A Philosophical and Practical Treatise on Horses and on the Moral Duties of Man Towards the Brute Creation

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Symonds, 1802 - 572 pages

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Page i - breath ; so that a man hath no pre-eminence above a beast: All go unto one place; all are of the dust, and all turn to dust again.
Page 40 - on the geometrical proportions of the famous racer Eclipfe. The reader may, if he pleafe, fmile, and quote the father of burlefque poefy— As whip'd tops, and bandied balls, The learned hold, are animals ; So Horfes they affirm to be, Mere engines made by geometry. But he will ftill find that the animal
Page 115 - that brute creatures are not yet in the contemplation of any people, reckoned within the fcheme of general juftice; that they reap only the benefit of a partial, and inefficacious kind of compaffion. Yet it is eafy to prove, by analogies drawn from our own, that they alfo, have fouls; and perfectly
Page 171 - analogy. The ignorant and brutal mind is too prone to tyranny, and meafures of barbarous and favage coercion. You'll fee a man of this fort, to whom the management of horfes is committed, everlaftingly intent upon glutting his vindictive difpofition, for every fault, real or fuppofed, which the poor animals may chance to commit: whereas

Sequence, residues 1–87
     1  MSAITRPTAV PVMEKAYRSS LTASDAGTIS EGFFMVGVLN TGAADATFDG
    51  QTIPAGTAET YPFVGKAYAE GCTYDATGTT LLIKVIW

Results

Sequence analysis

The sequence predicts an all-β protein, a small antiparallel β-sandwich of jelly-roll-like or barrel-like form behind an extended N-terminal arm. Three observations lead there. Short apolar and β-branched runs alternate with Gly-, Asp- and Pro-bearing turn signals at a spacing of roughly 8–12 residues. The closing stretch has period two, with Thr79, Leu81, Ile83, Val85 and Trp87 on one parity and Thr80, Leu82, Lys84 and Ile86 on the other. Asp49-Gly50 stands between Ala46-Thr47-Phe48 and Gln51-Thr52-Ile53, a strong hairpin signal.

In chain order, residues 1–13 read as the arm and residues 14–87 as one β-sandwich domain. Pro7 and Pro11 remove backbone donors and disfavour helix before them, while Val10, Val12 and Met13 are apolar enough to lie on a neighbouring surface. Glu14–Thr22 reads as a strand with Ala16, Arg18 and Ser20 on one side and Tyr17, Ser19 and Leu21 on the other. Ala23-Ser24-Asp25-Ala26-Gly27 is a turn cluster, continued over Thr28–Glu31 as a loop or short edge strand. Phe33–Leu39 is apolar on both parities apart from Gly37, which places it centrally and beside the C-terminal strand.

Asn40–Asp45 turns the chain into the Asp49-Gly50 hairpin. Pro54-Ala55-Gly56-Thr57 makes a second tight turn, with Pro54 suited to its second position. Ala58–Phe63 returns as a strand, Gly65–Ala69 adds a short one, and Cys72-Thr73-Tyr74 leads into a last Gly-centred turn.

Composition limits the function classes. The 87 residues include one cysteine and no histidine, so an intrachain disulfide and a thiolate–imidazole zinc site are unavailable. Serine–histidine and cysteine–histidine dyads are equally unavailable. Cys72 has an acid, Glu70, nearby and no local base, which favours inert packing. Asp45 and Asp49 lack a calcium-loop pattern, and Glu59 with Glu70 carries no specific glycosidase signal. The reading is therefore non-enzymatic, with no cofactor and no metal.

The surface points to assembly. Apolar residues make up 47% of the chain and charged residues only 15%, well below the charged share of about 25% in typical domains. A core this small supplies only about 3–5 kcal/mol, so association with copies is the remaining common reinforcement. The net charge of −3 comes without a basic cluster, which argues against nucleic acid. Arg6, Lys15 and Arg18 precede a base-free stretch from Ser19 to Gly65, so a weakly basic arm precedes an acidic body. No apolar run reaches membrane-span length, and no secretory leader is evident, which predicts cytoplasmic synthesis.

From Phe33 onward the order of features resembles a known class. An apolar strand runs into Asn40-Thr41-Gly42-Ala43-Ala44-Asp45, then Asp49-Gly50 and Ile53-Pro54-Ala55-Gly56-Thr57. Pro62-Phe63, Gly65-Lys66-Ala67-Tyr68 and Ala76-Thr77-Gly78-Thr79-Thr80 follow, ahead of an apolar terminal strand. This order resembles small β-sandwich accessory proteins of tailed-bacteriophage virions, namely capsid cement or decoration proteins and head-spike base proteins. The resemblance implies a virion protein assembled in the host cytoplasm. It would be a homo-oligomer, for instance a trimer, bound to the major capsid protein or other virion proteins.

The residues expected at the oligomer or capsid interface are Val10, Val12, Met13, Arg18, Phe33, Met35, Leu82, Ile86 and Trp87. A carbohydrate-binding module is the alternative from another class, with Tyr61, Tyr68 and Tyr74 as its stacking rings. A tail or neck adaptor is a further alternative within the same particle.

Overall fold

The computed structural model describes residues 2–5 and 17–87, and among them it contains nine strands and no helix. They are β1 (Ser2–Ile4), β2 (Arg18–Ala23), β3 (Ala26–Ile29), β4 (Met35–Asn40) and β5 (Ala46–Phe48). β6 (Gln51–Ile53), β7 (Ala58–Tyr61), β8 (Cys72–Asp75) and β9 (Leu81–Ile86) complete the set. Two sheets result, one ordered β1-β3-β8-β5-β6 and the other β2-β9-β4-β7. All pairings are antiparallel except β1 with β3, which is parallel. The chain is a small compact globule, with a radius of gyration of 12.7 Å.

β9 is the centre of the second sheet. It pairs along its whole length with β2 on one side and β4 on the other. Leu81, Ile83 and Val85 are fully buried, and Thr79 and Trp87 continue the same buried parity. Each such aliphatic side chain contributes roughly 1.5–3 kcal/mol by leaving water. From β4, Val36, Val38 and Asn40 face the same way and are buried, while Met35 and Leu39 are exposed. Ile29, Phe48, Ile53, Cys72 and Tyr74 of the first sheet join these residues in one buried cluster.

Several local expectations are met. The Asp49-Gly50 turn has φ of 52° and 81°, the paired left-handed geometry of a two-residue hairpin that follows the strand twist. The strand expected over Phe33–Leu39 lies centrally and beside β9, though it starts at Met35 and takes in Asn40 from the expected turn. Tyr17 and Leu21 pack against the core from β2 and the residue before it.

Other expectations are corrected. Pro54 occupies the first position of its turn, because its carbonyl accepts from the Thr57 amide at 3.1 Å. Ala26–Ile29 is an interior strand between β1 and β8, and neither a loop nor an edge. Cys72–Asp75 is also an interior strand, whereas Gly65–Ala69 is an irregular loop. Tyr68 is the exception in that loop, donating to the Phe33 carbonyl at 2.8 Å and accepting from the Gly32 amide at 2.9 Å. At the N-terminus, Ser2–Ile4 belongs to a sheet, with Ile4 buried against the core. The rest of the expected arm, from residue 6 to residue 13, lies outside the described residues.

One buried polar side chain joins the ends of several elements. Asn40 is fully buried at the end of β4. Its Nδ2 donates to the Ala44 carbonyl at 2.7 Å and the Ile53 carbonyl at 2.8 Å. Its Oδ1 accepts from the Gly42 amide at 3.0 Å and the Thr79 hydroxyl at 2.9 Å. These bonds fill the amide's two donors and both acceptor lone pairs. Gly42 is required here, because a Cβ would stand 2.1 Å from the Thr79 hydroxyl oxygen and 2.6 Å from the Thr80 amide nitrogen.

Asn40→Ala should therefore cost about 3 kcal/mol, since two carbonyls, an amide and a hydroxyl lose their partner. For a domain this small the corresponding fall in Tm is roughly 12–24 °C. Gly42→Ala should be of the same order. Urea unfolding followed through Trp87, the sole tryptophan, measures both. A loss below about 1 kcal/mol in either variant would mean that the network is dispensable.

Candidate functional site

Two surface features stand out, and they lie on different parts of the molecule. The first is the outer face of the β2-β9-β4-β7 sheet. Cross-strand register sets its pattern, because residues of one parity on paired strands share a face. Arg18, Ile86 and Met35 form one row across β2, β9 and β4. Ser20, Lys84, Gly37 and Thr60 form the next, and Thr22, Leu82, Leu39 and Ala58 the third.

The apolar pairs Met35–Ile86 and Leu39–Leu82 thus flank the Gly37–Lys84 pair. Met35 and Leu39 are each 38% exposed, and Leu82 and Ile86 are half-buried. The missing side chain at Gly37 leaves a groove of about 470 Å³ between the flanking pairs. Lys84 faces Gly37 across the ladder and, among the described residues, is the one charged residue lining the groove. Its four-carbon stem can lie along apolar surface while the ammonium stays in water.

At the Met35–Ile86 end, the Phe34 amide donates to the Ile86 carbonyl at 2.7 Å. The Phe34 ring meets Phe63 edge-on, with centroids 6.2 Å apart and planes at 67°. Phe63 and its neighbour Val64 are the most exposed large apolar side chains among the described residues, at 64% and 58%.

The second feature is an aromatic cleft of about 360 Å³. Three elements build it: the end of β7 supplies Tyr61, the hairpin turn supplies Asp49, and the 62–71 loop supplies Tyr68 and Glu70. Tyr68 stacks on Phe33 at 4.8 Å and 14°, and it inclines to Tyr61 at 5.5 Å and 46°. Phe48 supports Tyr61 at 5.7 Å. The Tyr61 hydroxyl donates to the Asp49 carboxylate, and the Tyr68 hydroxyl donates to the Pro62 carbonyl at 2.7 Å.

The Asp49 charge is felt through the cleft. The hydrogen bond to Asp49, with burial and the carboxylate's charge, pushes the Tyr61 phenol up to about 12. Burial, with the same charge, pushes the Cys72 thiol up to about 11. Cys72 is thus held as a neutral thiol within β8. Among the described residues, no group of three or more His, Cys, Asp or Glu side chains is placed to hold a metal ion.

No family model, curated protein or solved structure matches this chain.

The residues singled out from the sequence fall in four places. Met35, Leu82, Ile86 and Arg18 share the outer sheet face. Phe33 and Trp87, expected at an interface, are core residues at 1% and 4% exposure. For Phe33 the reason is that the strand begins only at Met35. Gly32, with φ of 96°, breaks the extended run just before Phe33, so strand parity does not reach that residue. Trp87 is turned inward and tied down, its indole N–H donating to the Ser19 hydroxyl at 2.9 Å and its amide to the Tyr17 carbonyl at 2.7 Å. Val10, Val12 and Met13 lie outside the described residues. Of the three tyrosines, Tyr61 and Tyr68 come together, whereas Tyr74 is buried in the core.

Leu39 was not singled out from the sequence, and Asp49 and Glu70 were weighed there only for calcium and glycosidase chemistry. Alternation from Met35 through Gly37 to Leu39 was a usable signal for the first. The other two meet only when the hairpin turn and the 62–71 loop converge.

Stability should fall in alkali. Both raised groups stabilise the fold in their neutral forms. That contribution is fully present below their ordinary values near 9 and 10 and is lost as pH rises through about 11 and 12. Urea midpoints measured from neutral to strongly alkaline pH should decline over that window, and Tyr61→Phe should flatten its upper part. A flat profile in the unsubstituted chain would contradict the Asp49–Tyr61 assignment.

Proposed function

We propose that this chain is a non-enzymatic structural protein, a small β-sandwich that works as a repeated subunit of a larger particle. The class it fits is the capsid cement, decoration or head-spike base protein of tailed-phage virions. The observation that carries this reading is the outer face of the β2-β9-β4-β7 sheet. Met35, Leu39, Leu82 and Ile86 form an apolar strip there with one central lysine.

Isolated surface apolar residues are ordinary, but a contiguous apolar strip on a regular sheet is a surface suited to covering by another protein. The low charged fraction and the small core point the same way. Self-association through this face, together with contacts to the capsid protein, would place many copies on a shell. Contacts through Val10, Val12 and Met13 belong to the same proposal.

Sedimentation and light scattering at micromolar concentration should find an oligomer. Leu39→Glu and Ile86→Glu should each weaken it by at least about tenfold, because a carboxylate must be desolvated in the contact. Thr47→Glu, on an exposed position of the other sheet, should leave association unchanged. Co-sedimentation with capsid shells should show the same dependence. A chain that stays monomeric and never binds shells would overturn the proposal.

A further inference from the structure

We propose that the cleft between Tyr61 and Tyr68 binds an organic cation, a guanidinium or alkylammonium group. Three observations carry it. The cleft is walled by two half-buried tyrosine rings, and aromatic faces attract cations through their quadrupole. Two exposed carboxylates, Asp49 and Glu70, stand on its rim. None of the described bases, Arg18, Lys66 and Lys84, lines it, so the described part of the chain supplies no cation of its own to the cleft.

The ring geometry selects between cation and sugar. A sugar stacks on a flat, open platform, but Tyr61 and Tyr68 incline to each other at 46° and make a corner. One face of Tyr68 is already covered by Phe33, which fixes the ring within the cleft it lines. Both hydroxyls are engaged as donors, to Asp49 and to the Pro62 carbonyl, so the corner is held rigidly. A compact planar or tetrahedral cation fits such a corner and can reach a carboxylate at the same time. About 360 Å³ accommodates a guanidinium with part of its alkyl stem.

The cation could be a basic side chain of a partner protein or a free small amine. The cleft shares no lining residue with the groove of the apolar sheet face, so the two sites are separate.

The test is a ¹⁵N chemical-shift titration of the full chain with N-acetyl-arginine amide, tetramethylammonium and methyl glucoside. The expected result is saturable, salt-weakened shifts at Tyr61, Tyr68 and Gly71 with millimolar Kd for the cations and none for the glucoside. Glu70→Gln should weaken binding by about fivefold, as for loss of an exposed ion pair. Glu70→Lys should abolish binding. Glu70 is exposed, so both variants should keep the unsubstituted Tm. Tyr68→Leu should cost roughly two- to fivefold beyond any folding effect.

Page 114 - is, the invariable cuftom of the bulk of mankind, not even excepting legiflators, both religious and civil, to look upon brutes as mere machines; animated yet without fouls; endowed with feelings, but utterly devoid of rights; and placed without the pale of juftice. From thefe fuppofed
Page 115 - from the fpark which animates the moft minute mortal exiguity, up to the fum of infinite intelligence, or the general foul of the univerfe. By a recurrence to principles, it will appear, that life, intelligence, and feeling,
Page 282 - Our bridles, at prefent, are either CURBS, double and fingle, or SNAFFLES, either fingle, or accompanied with a CHECK-CORD and rein; the reins either brown or black leather, quite plain, the headftall without a nofe-band, or any ornament of ribband in front. The Curb-chain, and its application, is well known. The double-bridle has two bits,
Page 110 - inclining to a certain degree, not too long, but large in proportion to their length; the coronary rings not thick, or fwelled, but clean, dry, and hairy; the feet neither too high, nor too flat, and of fize apparently a fufficient bafe for the weight they have to fuftain; hoofs of colour dark and
Page 109 - be ftraight from the cheft, and by no means convex, or bellying out: The SHOULDERS capacious, and of large extent, fo as to appear the moft confpicuous part of the body, but without being loaded with flefh; they fhould reach fairly to the top of the withers, which muft be well raifed; the

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